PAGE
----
Ramée’s debut novel explores the awkwardness of middle school, the changing dynamics with friends, and getting “woke.” I found fallible and funny (with her “allergy” to trouble) Shayla utterly relatable as she navigates her feelings about an incident of race-based police violence and struggles to decide whether breaking the rules is sometimes the right choice. Books that examine race often fall short, painting with broad strokes, but this book avoids that misstep—it’s right on target, addressing essential nuances with courage and honesty.— Stephanie
“Shayla’s a relatable character trying to make sense of her world and whose ideas of following the rules are challenged when she’s confronted with unjust rules, but the Black Lives Matter movement empowers her to stand up for her beliefs. The viewpoint and tone are perfect for a middle-grade audience, and Lisa Moore Ramée raises questions and opens eyes while telling a strong story.”
— Jennifer Kraar, City of Asylum Bookstore, Pittsburgh, PA
From debut author Lisa Moore Ramée comes this funny and big-hearted debut middle grade novel about friendship, family, and standing up for what’s right, perfect for fans of Angie Thomas’s The Hate U Give and the novels of Renée Watson and Jason Reynolds.
Twelve-year-old Shayla is allergic to trouble. All she wants to do is to follow the rules. (Oh, and she’d also like to make it through seventh grade with her best friendships intact, learn to run track, and have a cute boy see past her giant forehead.)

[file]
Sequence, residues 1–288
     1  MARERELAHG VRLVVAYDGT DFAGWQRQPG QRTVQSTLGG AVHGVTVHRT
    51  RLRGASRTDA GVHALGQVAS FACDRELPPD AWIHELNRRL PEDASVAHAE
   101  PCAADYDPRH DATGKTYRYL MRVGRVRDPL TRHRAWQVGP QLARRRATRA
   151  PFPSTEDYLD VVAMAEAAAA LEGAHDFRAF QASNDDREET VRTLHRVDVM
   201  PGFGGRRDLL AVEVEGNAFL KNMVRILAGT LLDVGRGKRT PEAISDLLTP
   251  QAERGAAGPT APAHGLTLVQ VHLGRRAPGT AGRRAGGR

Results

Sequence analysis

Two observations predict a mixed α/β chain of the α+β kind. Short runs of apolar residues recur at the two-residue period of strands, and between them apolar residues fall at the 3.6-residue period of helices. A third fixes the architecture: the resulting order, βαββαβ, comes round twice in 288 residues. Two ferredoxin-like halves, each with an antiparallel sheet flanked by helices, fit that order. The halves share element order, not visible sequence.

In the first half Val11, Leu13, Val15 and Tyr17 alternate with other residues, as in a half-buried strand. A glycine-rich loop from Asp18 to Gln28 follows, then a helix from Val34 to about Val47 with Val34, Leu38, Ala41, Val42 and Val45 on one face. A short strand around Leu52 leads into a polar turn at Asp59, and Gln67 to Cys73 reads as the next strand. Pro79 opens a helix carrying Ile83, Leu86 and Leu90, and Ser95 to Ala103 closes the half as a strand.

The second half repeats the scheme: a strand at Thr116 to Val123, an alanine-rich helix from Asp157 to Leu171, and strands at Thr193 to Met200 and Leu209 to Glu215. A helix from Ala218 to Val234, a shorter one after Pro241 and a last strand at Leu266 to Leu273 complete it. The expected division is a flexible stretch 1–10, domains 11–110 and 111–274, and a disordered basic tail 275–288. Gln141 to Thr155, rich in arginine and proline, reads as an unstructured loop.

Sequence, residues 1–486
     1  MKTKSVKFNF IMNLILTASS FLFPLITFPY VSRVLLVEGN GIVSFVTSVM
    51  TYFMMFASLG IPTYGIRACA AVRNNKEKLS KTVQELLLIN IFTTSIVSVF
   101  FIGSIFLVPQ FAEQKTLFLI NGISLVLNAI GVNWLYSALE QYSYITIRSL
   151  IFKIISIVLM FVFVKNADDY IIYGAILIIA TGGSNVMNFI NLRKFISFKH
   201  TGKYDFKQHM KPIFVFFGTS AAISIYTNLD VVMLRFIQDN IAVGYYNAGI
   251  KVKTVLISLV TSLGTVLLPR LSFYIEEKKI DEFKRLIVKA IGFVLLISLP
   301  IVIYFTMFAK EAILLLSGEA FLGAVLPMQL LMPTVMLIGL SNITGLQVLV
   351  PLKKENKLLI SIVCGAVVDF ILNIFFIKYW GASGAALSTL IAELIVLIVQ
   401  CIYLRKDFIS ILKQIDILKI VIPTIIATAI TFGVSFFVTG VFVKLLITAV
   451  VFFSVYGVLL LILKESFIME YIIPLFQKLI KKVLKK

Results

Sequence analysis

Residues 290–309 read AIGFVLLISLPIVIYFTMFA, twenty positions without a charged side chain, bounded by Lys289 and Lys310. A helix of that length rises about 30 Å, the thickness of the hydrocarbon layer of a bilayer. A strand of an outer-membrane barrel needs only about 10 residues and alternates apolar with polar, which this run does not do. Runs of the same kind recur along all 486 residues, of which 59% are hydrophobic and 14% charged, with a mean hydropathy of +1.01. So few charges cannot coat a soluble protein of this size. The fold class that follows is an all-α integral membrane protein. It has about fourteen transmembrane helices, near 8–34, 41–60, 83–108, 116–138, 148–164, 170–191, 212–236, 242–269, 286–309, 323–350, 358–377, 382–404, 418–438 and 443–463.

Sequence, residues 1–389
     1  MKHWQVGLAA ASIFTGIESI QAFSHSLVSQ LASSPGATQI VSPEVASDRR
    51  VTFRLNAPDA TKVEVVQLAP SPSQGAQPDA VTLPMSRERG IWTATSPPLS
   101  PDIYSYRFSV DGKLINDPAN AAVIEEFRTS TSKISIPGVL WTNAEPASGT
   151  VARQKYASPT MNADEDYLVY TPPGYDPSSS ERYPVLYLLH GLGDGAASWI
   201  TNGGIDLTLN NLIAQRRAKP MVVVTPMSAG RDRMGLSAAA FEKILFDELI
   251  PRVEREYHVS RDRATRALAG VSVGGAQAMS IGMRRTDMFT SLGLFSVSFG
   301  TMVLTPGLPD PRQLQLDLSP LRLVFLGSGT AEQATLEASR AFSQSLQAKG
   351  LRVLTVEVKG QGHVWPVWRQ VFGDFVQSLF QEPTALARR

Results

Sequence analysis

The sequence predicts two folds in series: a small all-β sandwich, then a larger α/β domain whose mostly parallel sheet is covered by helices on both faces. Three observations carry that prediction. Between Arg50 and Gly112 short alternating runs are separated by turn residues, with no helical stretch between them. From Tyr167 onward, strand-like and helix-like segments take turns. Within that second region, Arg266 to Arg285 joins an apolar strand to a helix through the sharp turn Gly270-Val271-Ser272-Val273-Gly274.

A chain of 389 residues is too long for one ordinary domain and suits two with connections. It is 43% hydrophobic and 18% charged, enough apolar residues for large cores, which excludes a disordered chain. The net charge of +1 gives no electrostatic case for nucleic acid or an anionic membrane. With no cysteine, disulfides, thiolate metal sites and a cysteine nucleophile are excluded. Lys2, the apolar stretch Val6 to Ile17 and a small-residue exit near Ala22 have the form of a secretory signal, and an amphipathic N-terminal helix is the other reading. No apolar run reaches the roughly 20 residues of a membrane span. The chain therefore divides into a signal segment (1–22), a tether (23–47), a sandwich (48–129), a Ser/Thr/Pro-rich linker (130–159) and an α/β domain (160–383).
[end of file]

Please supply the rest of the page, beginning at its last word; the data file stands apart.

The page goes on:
But in junior high, it’s like all the rules have changed. Now she’s suddenly questioning who her best friends are and some people at school are saying she’s not black enough. Wait, what?
Shay’s sister, Hana, is involved in Black Lives Matter, but Shay doesn't think that's for her. After experiencing a powerful protest, though, Shay decides some rules are worth breaking. She starts wearing an armband to school in support of the Black Lives movement. Soon everyone is taking sides. And she is given an ultimatum.
Shay is scared to do the wrong thing (and even more scared to do the right thing), but if she doesn't face her fear, she'll be forever tripping over the next hurdle. Now that’s trouble, for real.
"Tensions are high over the trial of a police officer who shot an unarmed Black man. When the officer is set free, and Shay goes with her family to a silent protest, she starts to see that some trouble is worth making." (Publishers Weekly, "An Anti-Racist Children's and YA Reading List")
Lisa Moore Ramée was born and raised in Los Angeles, and she now lives in the Bay Area of California, with her husband, two kids, and two obnoxious cats. She is the author of A Good Kind of Trouble and Something to Say. You can visit her online at www.lisamooreramee.com.